Healthy Living: Clinicians in schools help address behavioral health
ANCHORAGE, Alaska (KTUU) - Every person has dealt with stressors since the COVID-19 pandemic began, but none as apparent as students that had to adjust to unprecedented changes this past school year. Organizations like Volunteers of America are partnering up to continue providing behavioral health services to students right at school.
“We’re at 12 sites in total with us at nine sites and them at three, and hoping over time to expand even more so that we can really be where kids are,” said Sherrie Wilson Hinshaw, president and CEO of the volunteer organization.
The organization, Anchorage School District and Providence Medical Group Behavioral Health Services are working together to provide behavioral health resources to children, families and even teachers and clinicians in the schools.
Laura Jorgensen, manager for school-based services with the VOA, said children have been exposed to various emotions due to them adjusting to the numerous changes this past year. Hence, their goal of having clinicians in school will bring the service directly to students in need.
“We don’t want parents having to have to leave a job, take time off in the afternoon to take their, their child to a provider in an environment that they don’t even know,” Jorgensen said.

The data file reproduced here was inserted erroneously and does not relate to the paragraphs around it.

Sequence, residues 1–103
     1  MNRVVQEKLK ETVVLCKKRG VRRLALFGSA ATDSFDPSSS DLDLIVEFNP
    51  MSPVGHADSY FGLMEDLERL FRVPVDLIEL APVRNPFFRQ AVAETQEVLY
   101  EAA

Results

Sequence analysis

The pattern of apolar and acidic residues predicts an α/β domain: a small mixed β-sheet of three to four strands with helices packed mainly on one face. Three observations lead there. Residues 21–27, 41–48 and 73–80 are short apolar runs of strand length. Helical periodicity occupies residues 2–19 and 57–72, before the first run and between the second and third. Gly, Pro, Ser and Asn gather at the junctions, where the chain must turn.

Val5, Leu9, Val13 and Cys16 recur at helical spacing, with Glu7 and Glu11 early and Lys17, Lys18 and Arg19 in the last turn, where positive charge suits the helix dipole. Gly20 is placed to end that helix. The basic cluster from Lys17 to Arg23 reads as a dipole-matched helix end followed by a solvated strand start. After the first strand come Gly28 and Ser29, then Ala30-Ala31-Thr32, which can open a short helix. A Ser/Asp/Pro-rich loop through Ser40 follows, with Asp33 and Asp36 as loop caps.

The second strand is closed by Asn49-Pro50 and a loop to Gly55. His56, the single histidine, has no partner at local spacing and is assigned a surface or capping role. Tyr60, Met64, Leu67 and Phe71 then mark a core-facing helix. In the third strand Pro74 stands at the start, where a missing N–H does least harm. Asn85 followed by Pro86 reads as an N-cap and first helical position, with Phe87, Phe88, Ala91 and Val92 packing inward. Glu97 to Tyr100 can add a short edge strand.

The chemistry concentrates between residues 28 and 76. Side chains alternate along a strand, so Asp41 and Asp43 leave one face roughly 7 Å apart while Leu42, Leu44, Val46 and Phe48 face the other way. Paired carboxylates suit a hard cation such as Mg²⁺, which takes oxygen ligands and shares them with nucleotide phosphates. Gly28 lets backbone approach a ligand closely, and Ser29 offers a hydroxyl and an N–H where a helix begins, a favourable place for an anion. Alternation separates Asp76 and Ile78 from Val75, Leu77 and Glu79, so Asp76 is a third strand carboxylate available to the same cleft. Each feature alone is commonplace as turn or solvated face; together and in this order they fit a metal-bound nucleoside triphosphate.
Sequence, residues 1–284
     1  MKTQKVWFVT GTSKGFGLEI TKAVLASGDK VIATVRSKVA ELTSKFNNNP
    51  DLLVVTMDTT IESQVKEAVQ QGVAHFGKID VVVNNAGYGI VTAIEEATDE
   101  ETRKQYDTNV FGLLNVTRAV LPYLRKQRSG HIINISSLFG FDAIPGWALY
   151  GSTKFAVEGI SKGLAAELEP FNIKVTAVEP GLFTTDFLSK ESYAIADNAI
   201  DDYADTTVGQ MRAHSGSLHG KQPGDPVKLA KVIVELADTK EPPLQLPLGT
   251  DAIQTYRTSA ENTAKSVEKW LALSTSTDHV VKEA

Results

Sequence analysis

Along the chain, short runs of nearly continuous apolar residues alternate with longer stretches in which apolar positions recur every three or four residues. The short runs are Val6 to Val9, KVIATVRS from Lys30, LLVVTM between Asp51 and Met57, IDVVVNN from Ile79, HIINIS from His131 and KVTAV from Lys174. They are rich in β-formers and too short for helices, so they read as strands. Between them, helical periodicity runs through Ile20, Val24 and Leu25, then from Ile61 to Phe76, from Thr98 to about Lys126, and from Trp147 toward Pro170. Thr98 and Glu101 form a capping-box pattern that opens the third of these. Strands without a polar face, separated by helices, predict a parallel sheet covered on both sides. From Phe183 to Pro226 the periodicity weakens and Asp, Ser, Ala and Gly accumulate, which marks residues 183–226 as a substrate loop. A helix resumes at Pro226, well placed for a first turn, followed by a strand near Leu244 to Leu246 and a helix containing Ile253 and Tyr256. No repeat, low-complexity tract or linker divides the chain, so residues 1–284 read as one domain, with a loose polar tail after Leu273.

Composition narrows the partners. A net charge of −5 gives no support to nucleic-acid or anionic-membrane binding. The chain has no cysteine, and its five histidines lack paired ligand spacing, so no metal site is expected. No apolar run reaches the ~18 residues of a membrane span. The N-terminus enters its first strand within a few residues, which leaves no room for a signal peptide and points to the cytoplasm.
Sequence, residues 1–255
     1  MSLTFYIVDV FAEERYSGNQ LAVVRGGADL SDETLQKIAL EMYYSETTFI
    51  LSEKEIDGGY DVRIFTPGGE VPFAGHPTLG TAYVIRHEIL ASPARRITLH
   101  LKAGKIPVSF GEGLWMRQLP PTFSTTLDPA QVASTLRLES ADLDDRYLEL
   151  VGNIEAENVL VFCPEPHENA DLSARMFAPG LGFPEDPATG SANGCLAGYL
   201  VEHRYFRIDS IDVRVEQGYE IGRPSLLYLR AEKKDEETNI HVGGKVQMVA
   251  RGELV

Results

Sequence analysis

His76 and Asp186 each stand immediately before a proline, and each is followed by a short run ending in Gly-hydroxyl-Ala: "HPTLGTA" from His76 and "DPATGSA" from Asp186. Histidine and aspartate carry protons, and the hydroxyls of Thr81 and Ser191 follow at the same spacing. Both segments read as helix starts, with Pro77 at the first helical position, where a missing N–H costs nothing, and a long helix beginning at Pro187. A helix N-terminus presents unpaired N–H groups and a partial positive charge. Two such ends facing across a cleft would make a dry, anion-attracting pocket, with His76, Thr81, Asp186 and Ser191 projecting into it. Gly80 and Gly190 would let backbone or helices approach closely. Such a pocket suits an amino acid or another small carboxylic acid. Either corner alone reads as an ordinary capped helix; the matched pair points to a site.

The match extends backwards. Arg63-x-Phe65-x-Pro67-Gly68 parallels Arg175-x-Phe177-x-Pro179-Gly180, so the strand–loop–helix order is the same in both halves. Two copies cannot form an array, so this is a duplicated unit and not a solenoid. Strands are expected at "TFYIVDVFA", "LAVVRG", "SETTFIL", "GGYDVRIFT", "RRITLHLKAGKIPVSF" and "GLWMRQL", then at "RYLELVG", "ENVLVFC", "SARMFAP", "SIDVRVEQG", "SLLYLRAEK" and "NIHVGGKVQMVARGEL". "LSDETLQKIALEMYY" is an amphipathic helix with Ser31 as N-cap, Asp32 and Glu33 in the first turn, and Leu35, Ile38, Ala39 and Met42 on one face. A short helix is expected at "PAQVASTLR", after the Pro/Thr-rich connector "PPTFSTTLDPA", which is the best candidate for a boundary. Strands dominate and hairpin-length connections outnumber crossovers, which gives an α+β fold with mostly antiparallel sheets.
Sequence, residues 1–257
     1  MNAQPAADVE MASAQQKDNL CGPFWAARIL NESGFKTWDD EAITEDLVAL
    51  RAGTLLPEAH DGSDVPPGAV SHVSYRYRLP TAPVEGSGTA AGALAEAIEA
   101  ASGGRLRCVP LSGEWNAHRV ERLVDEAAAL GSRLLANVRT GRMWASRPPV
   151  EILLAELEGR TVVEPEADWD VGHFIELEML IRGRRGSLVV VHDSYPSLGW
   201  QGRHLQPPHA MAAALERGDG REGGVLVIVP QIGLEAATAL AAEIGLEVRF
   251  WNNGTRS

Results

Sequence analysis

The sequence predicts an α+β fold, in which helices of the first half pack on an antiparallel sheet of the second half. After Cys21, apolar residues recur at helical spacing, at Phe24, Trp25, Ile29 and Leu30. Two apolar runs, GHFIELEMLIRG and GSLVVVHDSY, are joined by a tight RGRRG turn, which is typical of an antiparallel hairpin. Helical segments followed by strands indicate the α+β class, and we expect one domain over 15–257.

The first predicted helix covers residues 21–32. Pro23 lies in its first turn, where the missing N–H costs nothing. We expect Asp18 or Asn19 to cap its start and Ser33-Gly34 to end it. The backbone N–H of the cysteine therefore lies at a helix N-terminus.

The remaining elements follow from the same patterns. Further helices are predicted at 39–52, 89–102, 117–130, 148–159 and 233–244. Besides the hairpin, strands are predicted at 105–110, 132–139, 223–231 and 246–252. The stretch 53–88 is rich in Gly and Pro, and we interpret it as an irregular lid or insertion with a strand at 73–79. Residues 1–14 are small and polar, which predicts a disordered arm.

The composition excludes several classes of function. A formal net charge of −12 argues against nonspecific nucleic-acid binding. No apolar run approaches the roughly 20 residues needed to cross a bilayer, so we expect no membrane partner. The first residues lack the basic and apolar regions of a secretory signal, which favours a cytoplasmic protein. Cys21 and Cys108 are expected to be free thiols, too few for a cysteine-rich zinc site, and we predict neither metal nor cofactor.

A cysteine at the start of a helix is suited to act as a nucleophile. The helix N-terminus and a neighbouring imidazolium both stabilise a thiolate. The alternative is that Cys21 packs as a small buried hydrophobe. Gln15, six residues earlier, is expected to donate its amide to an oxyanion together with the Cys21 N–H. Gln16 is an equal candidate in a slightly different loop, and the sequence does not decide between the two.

Julie Falle, a mental health counselor at Tyson Elementary School, offers that outlet for students in her jurisdiction. She’s there to provide crisis intervention and care but to also lend support to families. Falle said every day is different, but the whole idea is to make behavioral health in schools more accessible.
“On a daily basis, you know, it could be anywhere from you know, negative peer interactions and needing some basic coping skills to just another positive adults who is able to apply some attention,” Falle said.
She added that parents should let kids know they’re available to them because a part of staying connected is creating intentional time.
“Even if it’s like those minutes, right before bedtime, or they’re already late for bed, and it’s going to be like too late anyways, like make it happen,” Falle said. “Use your chores and things that you do on a daily basis include your children and just play, have fun connect with them.”
Every Volunteers of America affiliate looks different. In Alaska, it’s entirely youth-focused.
Click here to learn more about the organization and the resources and services that are available.
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